Interior Window Plastic Insulation – 2

Yesterday we described our basement window situation and started the installation of the plastic insulating film. Today we continue to look at the insulation of this cheap and easy approach to reducing our home heating utility bills.

Once we had the two sided tape on all four sizes of the window frame, we then next measured the size of the area to be covered, using the measuring tape provided in the window insulation kit. After adding the recommended two inches per side as a safety measure, we then proceeded to roll out the needed plastic film and use the cutting device to create our desired insulating film.

plastic window insulating film Interior Window Plastic Insulation   2

Next, I started at the top (also recommended by the packaging instructions) and removed the cover of the two sided tape from the top window frame. Next I placed the plastic insulating film on the now exposed tape, ensuring as much as possible that the plastic was placed to cover the entire target area.

This was followed removing the tape overing from the left and right areas of the window frame and carefully placing the plastic insulating film onto the newly exposed securing tape on either side.

window with plastic insulation film Interior Window Plastic Insulation   2

Last of course was doing same for the bottom window frame. Now look at the above picture.  Remember, the plastic insulating film is clear, so it is hard to see in a picture. That’s the idea! icon wink Interior Window Plastic Insulation   2   However, in the above picture, look at a few things. First, look at the excess film at the bottom and to the sides of the window frame. I simply used the same cutting device which came with the kit to remove the excess as can be seen from the picture below.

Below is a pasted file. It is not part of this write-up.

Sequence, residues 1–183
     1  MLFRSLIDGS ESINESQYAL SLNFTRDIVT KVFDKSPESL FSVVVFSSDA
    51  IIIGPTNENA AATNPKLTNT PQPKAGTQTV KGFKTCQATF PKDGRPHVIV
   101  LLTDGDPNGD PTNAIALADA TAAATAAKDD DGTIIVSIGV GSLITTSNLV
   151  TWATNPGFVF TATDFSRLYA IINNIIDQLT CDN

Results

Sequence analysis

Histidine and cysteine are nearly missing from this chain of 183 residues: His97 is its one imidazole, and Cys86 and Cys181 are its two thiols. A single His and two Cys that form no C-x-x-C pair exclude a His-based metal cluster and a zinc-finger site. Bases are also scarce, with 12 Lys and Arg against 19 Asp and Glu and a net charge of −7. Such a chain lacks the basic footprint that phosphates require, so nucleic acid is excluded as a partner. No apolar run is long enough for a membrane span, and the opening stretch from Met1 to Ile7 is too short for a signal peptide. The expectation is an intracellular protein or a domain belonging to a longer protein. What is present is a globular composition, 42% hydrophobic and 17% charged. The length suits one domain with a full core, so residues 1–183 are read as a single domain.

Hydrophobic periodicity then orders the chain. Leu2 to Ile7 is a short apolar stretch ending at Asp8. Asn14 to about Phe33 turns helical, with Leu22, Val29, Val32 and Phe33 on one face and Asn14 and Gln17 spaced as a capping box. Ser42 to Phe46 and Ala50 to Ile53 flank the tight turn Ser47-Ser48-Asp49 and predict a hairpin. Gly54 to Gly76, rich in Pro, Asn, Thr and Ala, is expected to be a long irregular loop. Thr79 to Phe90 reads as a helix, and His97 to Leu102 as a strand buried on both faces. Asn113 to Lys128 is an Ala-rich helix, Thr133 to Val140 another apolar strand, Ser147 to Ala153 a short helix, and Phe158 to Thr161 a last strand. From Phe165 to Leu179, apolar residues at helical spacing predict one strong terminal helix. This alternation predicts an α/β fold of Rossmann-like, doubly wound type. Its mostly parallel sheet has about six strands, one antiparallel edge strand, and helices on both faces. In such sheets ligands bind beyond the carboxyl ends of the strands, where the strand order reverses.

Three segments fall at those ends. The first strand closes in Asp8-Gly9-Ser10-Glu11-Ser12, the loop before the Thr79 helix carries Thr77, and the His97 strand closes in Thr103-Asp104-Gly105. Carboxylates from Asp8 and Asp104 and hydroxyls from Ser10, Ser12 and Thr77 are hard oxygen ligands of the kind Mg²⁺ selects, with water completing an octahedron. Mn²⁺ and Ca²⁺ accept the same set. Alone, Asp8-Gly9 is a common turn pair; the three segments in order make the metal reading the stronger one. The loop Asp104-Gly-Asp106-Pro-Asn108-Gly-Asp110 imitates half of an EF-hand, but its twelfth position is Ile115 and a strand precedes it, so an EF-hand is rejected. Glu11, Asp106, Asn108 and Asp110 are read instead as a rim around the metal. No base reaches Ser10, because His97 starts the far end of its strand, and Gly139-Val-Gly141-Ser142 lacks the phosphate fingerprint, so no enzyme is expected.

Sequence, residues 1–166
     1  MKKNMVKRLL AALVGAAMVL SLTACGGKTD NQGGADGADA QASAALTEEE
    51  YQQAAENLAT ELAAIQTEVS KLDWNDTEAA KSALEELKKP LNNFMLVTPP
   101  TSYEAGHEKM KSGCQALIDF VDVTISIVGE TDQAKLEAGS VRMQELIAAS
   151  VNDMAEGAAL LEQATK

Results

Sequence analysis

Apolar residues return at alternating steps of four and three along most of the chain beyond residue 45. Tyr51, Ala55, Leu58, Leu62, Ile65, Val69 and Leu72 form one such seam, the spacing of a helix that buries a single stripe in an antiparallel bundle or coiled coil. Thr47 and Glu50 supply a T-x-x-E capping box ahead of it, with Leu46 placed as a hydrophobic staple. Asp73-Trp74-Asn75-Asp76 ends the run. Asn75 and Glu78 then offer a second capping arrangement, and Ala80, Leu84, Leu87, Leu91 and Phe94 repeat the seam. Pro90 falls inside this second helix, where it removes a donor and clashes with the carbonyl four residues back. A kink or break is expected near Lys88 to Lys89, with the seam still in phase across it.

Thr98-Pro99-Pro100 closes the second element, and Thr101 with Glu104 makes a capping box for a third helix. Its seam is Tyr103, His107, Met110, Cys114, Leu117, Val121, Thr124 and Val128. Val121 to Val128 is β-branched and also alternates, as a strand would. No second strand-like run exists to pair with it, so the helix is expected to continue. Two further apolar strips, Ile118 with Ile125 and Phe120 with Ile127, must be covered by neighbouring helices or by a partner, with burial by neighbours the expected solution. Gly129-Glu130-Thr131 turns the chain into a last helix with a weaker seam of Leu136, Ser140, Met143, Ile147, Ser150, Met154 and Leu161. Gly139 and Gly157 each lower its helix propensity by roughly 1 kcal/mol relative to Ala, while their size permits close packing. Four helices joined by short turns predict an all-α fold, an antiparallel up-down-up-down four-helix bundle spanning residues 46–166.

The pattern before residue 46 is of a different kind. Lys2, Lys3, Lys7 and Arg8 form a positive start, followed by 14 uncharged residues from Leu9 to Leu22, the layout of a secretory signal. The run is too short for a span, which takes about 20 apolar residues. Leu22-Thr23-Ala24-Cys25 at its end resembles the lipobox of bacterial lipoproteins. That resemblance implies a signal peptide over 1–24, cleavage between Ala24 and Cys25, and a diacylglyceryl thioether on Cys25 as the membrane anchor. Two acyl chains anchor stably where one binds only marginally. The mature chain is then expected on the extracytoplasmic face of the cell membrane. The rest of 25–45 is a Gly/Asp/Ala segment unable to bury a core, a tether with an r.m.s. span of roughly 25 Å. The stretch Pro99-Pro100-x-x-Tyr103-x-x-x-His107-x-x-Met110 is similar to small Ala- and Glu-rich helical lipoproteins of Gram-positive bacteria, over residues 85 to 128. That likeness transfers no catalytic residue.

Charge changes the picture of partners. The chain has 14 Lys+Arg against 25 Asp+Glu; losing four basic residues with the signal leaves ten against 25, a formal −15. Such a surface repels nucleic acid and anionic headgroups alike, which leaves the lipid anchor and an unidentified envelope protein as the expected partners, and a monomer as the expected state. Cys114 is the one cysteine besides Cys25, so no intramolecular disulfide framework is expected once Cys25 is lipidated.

window and excess plastic film Interior Window Plastic Insulation   2

Second, look on the left where it appears to be wrinkles within the plastic film both above and immediately below where the reflection of the light from the flash can be seen within the first picture at the top of this article.

Don’t worry, when you use (as I used) a blow dryer (as in a blow dryer for your hair) on the plastic film, the last step in the installation, the plastic shrinks and the wrinkles are removed. The instructions say to hold the hair blower / dryer all of 1/4 of an inch away from the plastic.

However if you have the slightest of shakiness in your hand, the blow dryer might end up touching the plastic and this you do not want as it could cause a hole in the plastic (remember, the end that the hot air comes out of the blow dryer is itself very hot) which would require you to start all over again, take down the now damaged plastic insulating film and install a new one. I tried to keep the  blow dryer about a full inch away from the plastic and it worked fine at this distance.

finished window film insulation installed Interior Window Plastic Insulation   2

Above is a picture after the blow dryer was used of the same window. Do you see any of the wrinkles now?